- Excluding Sitecore Items from Your Coveo Index
- Rebuilding a Search Index
- Indexing Strategies
- Indexing Item Content for Relevance
- Understanding How The ClickableUri Value Is Computed
- Analyzing the Rebuild Process
- How Coveo for Sitecore Handles Sitecore Access Rights
- Indexing Performance Leading Practices
- Managing Sitecore Content in the Coveo Platform
- Browsing Through Indexed Fields
- Advanced Indexing Customizations
Coveo for Sitecore Indexing Performance Leading Practices
The indexing process consumes resources and takes time. As most of the processes in Sitecore, it can be customized and extended. Additional indexing steps can be very time and resource consuming depending on the number of items to index, the items type, or the work done in the steps.
As an administrator, you should make sure that you optimize the indexing process to balance between your users needs and index speed. If a process doesn’t have an added value for your users, you should remove it as it slows down indexing. Also, if a process does help your users finding relevant information faster, you should make sure it’s optimized so the strain on the system is as small as possible.
Manual Indexing Methods
Coveo for Sitecore leverages Sitecore index update strategies to automatically index Sitecore items (see Index update strategies). Created, deleted, and modified items in the master database are indexed as those events occur. In the web database, published items are indexed at the end of the publish operation. Hence, manually rebuilding the indexes should be avoided outside of the development phase.
In the development phase, choosing the right indexing method is a good way to optimize indexing time (see Rebuild search indexes):
- Rebuild all:re-index all the items in all the Sitecore indexes, including the Coveo indexes. This should be avoided.
- Rebuild index: re-index all the items in a specific index. This is recommended after you reduce the indexing scope to ensure that the newly excluded items are deleted from the Coveo indexes.
- Re-Index Tree: re-index only the selected Content Tree item and its children in all the indexes using the current Sitecore database. This is the optimal approach most of the time. It ensures only the items affected by your changes are re-indexed.
You can find these options in Content Editor > Developer **tab > Indexing tools** section.
You can also rebuild many indexes at once in the Control Panel > Indexing Manager section.
The larger the number of items to index is, the longer it takes to index. Consider restricting indexing to the items you want to make available in the search results for your users (see Changing the Crawling Root of an Index and Excluding Sitecore Items from your Coveo Index).
Only index items with a layout and downloadable media library files. Avoid indexing items used as data sources, settings items, and media library images used to be displayed on the website.
During indexing, each Sitecore item is converted into a Coveo item and its text is extracted, so the bigger a file is, the slower is the conversion.
Consider a folder containing several downloadable PDFs along with very large images. Indexing of this folder may take a while. If the images aren’t necessary for your index, you may want to consider excluding them from the index.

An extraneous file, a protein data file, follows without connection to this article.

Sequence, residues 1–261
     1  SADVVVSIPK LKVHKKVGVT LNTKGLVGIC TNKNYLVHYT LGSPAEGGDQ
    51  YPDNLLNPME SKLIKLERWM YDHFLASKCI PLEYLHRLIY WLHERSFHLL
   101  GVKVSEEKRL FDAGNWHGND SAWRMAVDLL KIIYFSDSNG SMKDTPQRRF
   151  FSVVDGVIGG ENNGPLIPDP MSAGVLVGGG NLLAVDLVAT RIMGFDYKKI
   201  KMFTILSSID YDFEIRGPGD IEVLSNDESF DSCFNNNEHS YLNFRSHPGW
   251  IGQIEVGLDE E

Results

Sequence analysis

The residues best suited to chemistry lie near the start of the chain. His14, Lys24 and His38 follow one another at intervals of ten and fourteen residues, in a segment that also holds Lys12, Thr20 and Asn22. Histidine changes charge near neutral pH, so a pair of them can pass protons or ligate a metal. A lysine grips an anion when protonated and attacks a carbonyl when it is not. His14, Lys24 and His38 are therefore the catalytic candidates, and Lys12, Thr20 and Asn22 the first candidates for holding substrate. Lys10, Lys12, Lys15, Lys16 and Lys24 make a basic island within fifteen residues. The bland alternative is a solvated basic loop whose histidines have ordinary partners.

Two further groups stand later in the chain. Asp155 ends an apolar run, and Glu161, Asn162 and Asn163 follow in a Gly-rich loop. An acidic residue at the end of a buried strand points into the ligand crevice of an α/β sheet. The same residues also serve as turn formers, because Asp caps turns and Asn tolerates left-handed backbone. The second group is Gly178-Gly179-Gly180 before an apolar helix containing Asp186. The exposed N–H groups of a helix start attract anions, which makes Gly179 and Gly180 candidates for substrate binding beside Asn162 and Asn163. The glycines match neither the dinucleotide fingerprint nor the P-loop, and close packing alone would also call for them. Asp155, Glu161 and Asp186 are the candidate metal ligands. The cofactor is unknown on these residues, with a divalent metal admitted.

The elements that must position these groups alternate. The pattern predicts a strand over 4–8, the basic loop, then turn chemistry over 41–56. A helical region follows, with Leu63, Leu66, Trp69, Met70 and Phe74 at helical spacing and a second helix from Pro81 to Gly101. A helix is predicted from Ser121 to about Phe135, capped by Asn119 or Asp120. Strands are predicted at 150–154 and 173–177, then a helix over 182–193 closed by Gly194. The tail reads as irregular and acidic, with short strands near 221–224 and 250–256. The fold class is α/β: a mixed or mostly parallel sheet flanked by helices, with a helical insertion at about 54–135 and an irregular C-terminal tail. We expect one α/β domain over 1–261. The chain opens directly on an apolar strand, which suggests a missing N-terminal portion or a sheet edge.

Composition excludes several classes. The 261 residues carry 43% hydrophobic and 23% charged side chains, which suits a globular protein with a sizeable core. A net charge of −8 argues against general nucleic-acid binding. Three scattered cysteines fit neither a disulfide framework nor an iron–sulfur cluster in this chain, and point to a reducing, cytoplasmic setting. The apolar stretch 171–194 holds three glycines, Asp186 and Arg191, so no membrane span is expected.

Processors and Computed Fields Optimization
Indexing pipeline processors and computed fields are the best tools to customize your indexing process. They’re flexible and powerful, but can also be highly demanding for your Sitecore instance if you’re not careful when creating them.
When creating a computed field or a processor in the indexing pipelines, you should:
- Make sure it’s beneficial to your users.
- Optimize the code to run fast and exit early if conditions aren’t met.
Avoid running HTTP requests.
- Avoid querying a search index to retrieve items. Use the Sitecore API to get items from the database.
An inbound filter is an indexing processor solely focused on excluding items from your index. It allows you to use custom logic to decide which items to include or exclude, therefore reducing the size of your index and increasing performance.
Exit your code early if a previous processor has already decided to exclude the item. Keep in mind that all the items that aren’t excluded by the crawling roots of your indexes are processed by each inbound filter processor. Hence for simple path-based filtering, it’s best to modify the crawling roots (see Changing the Crawling Root of an Index).
When using the Coveo Inbound Filter Pipeline instead of the Sitecore Inbound Filter Pipeline, all your indexes outside of Coveo won’t be affected by exclusion processes.
Reduce the Number of Indexed Fields
Logically, you want to have as little fields as possible in your index. It’s best to only index the fields that are used by indexed items and leave out the others. To choose which fields to index, Coveo for Sitecore uses the
coveoIndexingGetFields pipeline (see Understanding the coveoIndexingGetFields and coveoIndexingGetTemplates Pipelines).
IncludeFieldsFromConfigOnlyProcessoronly indexes fields that are specified in the configuration file (see Customizing the Indexing Parameters). It has both the advantage and the disadvantage of being very restrictive. If you use this processor, your content owners must be aware that the fields they add aren’t automatically added to the index.
IncludeTemplatesFromConfigOnlyProcessorstop the sequence, and no other fields are indexed.